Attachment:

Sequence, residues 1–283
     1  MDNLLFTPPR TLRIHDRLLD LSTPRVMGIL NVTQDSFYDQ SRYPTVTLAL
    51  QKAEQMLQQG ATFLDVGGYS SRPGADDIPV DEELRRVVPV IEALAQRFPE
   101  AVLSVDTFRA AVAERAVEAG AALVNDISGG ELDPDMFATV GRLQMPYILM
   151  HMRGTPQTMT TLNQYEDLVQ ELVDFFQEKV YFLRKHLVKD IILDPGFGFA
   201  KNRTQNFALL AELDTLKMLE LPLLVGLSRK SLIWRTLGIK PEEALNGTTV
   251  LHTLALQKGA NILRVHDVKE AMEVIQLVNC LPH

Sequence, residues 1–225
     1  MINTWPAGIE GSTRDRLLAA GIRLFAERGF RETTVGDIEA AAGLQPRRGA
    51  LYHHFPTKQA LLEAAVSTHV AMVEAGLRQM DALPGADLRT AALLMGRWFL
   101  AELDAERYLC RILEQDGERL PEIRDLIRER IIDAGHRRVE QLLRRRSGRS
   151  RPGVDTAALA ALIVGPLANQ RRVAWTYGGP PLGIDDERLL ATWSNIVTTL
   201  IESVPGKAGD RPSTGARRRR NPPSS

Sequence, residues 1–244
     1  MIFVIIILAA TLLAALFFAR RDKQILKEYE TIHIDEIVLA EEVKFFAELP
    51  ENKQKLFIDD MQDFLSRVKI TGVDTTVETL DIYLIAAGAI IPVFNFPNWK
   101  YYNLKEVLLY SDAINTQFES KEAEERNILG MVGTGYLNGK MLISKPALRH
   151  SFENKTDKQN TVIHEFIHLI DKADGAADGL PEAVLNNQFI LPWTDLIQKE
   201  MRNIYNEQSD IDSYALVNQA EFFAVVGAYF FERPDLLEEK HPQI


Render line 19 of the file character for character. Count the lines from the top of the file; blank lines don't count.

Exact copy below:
   201  MRNIYNEQSD IDSYALVNQA EFFAVVGAYF FERPDLLEEK HPQI